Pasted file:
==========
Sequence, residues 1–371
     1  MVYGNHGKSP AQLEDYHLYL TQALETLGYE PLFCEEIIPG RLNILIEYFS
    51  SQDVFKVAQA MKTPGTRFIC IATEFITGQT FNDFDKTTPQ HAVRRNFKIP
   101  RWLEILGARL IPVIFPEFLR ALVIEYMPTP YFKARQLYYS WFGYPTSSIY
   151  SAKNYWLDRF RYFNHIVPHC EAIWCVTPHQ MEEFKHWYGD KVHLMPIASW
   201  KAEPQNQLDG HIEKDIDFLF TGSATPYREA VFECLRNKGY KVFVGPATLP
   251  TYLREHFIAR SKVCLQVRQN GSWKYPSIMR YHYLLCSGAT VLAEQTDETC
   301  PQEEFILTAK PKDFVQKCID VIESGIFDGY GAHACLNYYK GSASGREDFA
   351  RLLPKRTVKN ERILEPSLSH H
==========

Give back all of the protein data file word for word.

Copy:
Sequence, residues 1–371
     1  MVYGNHGKSP AQLEDYHLYL TQALETLGYE PLFCEEIIPG RLNILIEYFS
    51  SQDVFKVAQA MKTPGTRFIC IATEFITGQT FNDFDKTTPQ HAVRRNFKIP
   101  RWLEILGARL IPVIFPEFLR ALVIEYMPTP YFKARQLYYS WFGYPTSSIY
   151  SAKNYWLDRF RYFNHIVPHC EAIWCVTPHQ MEEFKHWYGD KVHLMPIASW
   201  KAEPQNQLDG HIEKDIDFLF TGSATPYREA VFECLRNKGY KVFVGPATLP
   251  TYLREHFIAR SKVCLQVRQN GSWKYPSIMR YHYLLCSGAT VLAEQTDETC
   301  PQEEFILTAK PKDFVQKCID VIESGIFDGY GAHACLNYYK GSASGREDFA
   351  RLLPKRTVKN ERILEPSLSH H